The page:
For Rich Chinese, U.S. Becoming Giant Monopoly Game

Rich Chinese investors are the biggest buyers of high-end luxury real estate in New York. And on a national level, they replaced Canada as the leading foreign buyer of American properties.

If they could buy Broadway and Park Avenue, they would. Rich Chinese investors are the biggest buyers of high-end luxury real estate in New York. And on a national level, they replaced Canada as the leading foreign buyer of American properties.

“The Chinese like anything new, and they like brand named locations like Central Park South,” says Dottie Herman, CEO of Douglas Elliman, one of the leading real estate brokers in the city.

The property market in China, coupled with a stronger currency, is also enticing Chinese millionaires to buy homes here. Beijing no longer permits individuals to own more than two properties, even as an investment. So a growing number are going abroad as cash buyers.

“I’ve seen Chinese buyers for years, but the problematic real estate market in China has sent them to us,” Elliman says. “They’re parking money in the property market as investments and also using it as a short-term home for their college-aged children.”

An Aerial view of the Upper East Side of Manhattan with Central Park in the center. Wealthy Chinese now dominate the $20 million+ market in one of the richest zip codes in the world.

Last year, China accounted for $12.8 billion of the $68.2 billion in foreign real estate transactions, according to the National Association of Realtors. For the last 12 months ending in March, China accounted for $22 billion of what is now a $92 billion market. Moreover, Chinese purchasing power moved them from a 19% share of the market last year, to a 24% share so far this year.

Thanks to all the money the Chinese are spending on penthouse suites in midtown Manhattan, the median price of a home purchased by the Chinese is greater than all the other top international markets. On average, China home buyers dished out over $USD 523,000 for a home, more than the U.K. ($350,000), India ($342,000), Canada ($212,000) and Mexico ($141,000).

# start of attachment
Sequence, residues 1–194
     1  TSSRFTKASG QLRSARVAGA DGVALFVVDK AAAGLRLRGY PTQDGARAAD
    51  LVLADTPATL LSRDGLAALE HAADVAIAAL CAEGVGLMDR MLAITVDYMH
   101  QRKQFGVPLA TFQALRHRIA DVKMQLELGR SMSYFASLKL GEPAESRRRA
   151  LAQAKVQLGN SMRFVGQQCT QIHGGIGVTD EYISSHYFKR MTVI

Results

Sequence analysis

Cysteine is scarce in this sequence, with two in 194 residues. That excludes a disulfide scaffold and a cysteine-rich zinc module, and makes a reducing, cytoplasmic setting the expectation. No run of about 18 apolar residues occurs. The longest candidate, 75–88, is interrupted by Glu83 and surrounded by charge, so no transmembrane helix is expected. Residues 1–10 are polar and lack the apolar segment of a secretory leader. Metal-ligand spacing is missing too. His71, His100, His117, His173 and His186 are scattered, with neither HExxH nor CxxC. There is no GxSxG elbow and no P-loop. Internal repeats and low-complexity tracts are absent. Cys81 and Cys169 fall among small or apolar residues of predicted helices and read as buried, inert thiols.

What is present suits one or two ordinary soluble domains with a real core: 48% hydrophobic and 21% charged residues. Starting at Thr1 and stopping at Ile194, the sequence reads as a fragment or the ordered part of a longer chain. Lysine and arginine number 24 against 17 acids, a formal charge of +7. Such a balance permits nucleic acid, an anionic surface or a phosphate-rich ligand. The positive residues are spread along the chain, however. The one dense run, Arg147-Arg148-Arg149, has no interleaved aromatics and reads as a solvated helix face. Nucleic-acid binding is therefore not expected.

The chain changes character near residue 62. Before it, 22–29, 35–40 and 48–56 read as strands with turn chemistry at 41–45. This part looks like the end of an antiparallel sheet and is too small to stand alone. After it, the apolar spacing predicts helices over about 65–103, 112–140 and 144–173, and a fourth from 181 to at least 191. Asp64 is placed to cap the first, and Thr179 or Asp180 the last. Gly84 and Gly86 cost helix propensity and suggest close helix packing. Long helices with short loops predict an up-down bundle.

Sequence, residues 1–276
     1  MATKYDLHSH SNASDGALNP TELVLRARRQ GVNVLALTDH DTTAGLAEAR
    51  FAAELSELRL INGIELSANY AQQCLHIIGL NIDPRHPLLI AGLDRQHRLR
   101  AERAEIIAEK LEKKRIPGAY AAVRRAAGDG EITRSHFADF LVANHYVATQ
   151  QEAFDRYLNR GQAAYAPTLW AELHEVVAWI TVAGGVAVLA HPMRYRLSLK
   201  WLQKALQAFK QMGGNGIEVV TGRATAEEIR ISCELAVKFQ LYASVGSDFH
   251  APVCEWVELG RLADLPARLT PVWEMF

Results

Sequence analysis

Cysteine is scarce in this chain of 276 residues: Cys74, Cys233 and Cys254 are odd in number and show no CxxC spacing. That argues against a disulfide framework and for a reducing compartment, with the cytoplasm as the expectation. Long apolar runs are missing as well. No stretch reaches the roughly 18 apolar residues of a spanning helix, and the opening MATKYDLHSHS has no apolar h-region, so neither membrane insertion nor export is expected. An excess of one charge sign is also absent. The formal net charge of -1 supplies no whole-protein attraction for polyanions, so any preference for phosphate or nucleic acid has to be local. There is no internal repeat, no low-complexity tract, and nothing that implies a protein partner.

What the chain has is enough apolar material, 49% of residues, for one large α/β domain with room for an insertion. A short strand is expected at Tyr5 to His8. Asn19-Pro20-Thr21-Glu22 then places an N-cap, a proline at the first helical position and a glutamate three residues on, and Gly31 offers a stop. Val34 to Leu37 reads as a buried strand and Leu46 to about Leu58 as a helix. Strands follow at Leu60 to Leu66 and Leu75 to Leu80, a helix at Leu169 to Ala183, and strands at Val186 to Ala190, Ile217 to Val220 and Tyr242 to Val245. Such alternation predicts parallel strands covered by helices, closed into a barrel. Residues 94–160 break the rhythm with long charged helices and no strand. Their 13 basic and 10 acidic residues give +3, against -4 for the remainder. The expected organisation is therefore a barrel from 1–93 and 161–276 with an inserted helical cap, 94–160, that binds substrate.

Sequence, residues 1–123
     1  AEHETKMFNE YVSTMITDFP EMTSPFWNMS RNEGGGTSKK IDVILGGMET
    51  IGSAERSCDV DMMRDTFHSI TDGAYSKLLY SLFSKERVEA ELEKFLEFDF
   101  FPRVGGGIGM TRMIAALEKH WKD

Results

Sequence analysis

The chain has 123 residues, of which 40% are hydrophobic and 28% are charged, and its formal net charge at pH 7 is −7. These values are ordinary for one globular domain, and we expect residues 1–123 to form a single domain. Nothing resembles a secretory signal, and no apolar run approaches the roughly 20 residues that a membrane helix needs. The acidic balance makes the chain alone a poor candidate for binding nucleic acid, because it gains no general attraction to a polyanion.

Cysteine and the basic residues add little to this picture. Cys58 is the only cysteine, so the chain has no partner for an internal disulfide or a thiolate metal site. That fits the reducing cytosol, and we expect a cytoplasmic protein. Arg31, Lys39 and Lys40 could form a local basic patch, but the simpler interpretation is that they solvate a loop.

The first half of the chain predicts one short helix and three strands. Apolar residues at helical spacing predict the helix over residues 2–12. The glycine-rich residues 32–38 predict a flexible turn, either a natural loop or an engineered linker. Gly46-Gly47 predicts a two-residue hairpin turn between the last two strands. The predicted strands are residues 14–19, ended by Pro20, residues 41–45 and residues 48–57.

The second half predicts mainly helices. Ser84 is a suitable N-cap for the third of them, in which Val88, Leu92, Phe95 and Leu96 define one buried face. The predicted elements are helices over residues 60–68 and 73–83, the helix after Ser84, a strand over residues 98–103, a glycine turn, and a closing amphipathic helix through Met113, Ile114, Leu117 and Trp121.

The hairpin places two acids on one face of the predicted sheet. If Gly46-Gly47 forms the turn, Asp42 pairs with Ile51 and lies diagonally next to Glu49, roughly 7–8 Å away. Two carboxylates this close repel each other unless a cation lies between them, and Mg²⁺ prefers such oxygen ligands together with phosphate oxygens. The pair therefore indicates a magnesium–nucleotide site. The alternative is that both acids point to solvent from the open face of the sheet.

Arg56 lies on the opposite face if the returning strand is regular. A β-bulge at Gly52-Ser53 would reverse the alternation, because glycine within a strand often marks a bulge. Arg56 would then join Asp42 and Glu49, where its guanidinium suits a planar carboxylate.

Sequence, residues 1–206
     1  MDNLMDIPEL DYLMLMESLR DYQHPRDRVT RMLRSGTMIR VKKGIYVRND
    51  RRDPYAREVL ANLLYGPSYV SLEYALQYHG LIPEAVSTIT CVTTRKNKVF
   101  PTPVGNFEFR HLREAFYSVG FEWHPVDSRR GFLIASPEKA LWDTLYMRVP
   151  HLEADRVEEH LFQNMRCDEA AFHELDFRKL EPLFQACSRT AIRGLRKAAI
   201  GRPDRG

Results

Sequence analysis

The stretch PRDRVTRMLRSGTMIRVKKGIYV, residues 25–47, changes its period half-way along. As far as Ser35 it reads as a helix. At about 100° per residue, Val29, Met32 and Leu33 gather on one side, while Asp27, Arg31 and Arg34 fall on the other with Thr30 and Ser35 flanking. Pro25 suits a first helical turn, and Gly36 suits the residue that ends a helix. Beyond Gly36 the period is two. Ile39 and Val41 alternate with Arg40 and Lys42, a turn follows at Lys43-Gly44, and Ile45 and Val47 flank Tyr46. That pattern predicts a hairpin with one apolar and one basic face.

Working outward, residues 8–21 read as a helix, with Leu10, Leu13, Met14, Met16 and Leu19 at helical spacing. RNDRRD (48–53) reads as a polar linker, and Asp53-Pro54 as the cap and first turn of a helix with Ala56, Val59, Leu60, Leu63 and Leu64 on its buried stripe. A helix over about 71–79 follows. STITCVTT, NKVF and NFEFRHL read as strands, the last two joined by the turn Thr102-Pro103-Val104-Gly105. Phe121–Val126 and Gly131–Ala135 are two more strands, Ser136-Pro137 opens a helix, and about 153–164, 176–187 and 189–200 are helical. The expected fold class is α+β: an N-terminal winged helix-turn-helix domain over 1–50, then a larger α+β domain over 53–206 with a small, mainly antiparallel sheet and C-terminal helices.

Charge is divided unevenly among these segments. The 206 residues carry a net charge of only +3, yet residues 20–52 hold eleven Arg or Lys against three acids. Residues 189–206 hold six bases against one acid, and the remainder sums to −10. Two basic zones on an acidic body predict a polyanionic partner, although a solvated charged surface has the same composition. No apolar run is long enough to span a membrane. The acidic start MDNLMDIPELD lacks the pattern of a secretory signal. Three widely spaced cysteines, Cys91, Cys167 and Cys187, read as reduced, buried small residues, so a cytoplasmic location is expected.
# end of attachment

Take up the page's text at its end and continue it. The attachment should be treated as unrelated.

In New York’s super high-luxury housing market, the Chinese have surpassed the Russian oligarchs. For new properties costing over $20 million, China is the main foreign customer these days, says Martin Purcell, a broker for Rutenberg Realty.

When the newly renovated Bank Building on 300 West 14th Street was turned into condos and ready to market, the Chinese came knocking for one bedroom $7 million real estate. “It used to be that they would just appear out of the woodwork, but now everyone in the real estate market is going to the Chinese and marketing their product directly to them in China,” says Purcell, who advertises on Juwai, a popular real estate website. ”Some of these guys are buying property sight unseen,” he adds.

For instance, a Douglas Elliman client from China bought two properties inside the upscale Baccarat Hotel & Residences on West 53rd Street for around $13 million each. He closed the deal on WeChat, a free texting service owned by China’s Tencent Holdings , and never walked into the building prior to closing. The property remains empty.

Some 30% of apartments from 49th Street on up to 79th Street in Central Park — between Fifth Avenue and Park Avenue — are vacant. They are all owned by foreigners, of which the majority of them are Chinese.

New York is the most expensive real estate market for the Chinese, but not their favorite state to buy a home. That status goes to California. Not only is it easier to get to, but big cities like Los Angeles are finally building mixed-used properties in the urban areas.

The Greenland Group, one of China’s largest real estate developers, is helping to sell California real estate to the Chinese. It bought a $1.5 billion six acre lot in downtown Los Angeles in February. They’re building the largest mixed-use development in the state, at 1.2 million square feet. It won’t be over-run by Chinese buyers, but Greenland’s arrival stands as a testament to the fact that China is becoming a bigger player in U.S. real estate.

Around 14% of California’s real estate sales come from foreign buyers, making it second only to Florida, which is dominated by Latin Americans and Canadians.

“I see no stopping to China’s investment in the general U.S. real estate market,” says Horacio LeDon, in charge of development and marketing for California and Florida at Douglas Elliman. “It’s becoming more wide spread now. You’re even seeing them start to invest in Miami, a city that does not really resonate historically with the Chinese. Their property market has come to a head. Rather than invest in equities, wealthy Chinese invest in real estate.”

The U.S. isn’t the only market for China house hunters. According to Juwai, Canada is just as close, making North America the No. 1 spot overall. Australia comes in at No. 2 as a destination.

Canada moved into the top three destinations for the first time this year. After the country ended it’s investment visa program, some people thought Chinese property interest would dry up. Chinese buyers are mainly present in Vancouver thanks to its proximity to the Pacific Ocean, but are becoming more of a presence in Toronto, Ottawa and Calgary. Like the U.S. market, “Chinese buyers like Canada because it is a long-term safe investment, has a large Chinese speaking population and a good educational system and strong economic ties to China,” says Andrew Taylor.

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